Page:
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Opinion poll: 57% of voters think Boris Johnson should resign as he fights fires on all fronts

© Adrian West / PABoris Johnson at a press conference in Downing Street on Wednesday after ministers met to consider imposing new Covid restrictions
Boris Johnson at a press conference in Downing Street on Wednesday after ministers met to consider imposing new Covid restrictions

Boris Johnson’s failure to stabilise his government is not only undermining the UK’s response to the pandemic but is also risking the Union, Labour’s shadow Scotland Secretary warned yesterday.

Ian Murray MP spoke out to condemn the rolling series of scandals and inquiries that have engulfed Downing Street as an opinion poll last night suggested most voters think the Prime Minister should now resign.

Johnson is under ­increasing pressure on numerous fronts, including investigations into ­lockdown- busting parties and the renovation of his Downing Street flat, a potential rebellion among Tory backbenchers over new Plan B Covid measures and a knife-edge by-election on Thursday that some backbenchers believe could be the trigger for a leadership challenge.

Today marks the second anniversary of his landslide victory at Westminster, but last night a poll for the Observer showed Labour surging to a nine-point lead over the Tories and suggests 57% of voters think Johnson should now resign. The revelations of Christmas parties in Downing Street last year are, according to the poll, the most shocking scandal to hit his government so far.

Murray said: “The past week has confirmed Johnson is completely unfit for office. He is an unrepentant liar leading an incompetent, dishonest and cruel government. Internal investigations aren’t going to cut it, and you have to wonder how long Tory MPs are going to put up with this charlatan leading their party.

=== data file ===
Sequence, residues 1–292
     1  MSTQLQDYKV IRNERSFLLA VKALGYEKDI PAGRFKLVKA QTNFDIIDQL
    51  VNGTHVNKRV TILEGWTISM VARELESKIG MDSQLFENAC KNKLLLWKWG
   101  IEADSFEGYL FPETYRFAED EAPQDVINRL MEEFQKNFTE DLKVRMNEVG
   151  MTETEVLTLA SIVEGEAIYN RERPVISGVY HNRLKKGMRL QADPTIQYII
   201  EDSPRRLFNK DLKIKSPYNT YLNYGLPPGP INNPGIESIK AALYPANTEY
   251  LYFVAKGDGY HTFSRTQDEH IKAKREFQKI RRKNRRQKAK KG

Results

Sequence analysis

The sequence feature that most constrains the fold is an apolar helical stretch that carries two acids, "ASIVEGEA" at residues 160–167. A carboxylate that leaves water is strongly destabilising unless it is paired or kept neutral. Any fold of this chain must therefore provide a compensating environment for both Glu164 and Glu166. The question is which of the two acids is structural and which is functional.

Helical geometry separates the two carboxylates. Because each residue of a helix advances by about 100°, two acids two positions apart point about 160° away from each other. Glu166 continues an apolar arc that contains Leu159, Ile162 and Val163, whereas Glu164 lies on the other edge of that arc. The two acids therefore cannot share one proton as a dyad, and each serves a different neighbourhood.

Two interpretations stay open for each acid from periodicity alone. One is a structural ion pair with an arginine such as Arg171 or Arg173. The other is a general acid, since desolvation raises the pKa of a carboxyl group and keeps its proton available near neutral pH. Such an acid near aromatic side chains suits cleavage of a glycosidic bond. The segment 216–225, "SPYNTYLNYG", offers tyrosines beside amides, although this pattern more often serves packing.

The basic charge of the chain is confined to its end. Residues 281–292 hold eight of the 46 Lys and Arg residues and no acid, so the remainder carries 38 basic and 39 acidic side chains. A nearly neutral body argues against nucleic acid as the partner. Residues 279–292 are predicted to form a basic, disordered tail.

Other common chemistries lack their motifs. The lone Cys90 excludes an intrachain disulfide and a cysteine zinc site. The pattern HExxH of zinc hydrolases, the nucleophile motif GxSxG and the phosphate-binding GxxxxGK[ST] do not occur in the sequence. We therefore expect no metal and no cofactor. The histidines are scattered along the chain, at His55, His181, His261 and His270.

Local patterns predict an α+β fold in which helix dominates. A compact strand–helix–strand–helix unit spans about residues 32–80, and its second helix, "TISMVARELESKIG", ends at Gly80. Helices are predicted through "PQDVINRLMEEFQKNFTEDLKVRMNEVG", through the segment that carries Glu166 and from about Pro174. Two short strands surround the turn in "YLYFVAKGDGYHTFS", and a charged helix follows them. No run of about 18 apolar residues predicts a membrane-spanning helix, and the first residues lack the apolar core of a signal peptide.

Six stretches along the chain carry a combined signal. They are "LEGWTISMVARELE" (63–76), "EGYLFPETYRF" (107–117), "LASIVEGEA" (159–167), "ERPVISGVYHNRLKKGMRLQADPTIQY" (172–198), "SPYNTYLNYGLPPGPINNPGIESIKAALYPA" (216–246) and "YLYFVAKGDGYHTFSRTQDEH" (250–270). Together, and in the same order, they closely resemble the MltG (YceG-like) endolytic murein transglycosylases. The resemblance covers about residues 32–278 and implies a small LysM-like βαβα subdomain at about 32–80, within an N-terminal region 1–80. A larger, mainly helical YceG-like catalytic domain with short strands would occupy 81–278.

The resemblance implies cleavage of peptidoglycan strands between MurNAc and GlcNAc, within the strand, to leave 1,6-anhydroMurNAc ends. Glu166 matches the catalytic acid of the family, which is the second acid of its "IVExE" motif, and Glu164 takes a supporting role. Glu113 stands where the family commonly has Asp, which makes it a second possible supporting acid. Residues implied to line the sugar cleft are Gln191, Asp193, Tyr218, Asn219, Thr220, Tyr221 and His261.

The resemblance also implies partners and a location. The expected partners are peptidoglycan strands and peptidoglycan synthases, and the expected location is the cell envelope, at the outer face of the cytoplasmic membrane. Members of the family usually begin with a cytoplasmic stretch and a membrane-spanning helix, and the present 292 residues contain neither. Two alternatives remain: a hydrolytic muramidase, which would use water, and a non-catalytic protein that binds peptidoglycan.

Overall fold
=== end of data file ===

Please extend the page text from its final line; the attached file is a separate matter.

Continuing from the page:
“But the damage he’s ­causing goes far beyond the Tory Party – he is undermining our Covid response across the UK and he’s also putting the Union at risk as he so often does. Johnson is a better recruiting sergeant for the SNP than Nicola Sturgeon ever could be. What’s clear from the past week is that we need a Labour government across the entire UK, bringing back decency, honesty and leadership to our politics.”

Allegra Stratton announcing her resignation (Pic: Jonathan Brady/PA)

Johnson has faced weeks of controversy over allegations of rule-­breaking Christmas festivities in Downing Street last year. On Wednesday his adviser, Allegra Stratton, resigned after a leaked video showed her joking about a party on December 18 during a rehearsal for a news conference.

It was later claimed Jack Doyle, No 10’s ­communications director, made a speech and handed out awards at the party. Johnson has repeatedly insisted that there was no party and that no Covid rules were broken.

But his former chief adviser, Dominic Cummings, has warned there are “lots” of photos of parties in Downing Street during Covid lockdown restrictions that will “inevitably get out”.

Cummings, who left No 10 last year, also claimed that Johnson knew about an alleged party on December 18 but did not attend. Yesterday it was revealed about two dozen Treasury staff had office drinks on November 25 last year while the country was in lockdown.

An investigation into the December 18 event and two other parties, one in Downing Street on November 27 and the other at the education department on December 10, is being carried out by Cabinet Secretary Simon Case.

However, he will not look at reports of social gatherings in Downing Street on November 13 or a party at Conservative Party headquarters on December 14, over which four members of staff have been disciplined.

Bereft daughter on UK Government: I’m disgusted. They are liars and cheats

Johnson also faces fresh questions over how a lavish refurbishment of his Downing Street flat was paid for. The Conservative Party was fined £17,800 by the Electoral Commission for “failing to accurately report a donation” that paid for the refurbishment.

Labour has said new ­information revealed by the commission suggests Johnson lied to his own standards adviser about how the work was funded. The Prime Minister is also facing a rebellion among Tory backbenchers over new Plan B coronavirus restrictions.

A number of Tory MPs have said they will not vote for the proposals to introduce Covid passports for large venues and guidance for the public to work from home when the measures are debated on Tuesday.

Johnson also faces the threat of the Tories being likely to lose a by-election on Thursday. The vote was sparked by the resignation by Tory MP Owen Paterson following a lobbying scandal.

The Lib Dems are ­favourites to win the North Shropshire seat, traditionally an ultra-safe Conservative seat, and defeat for the Tories could be a potential tipping point for a challenge to Johnson’s leadership.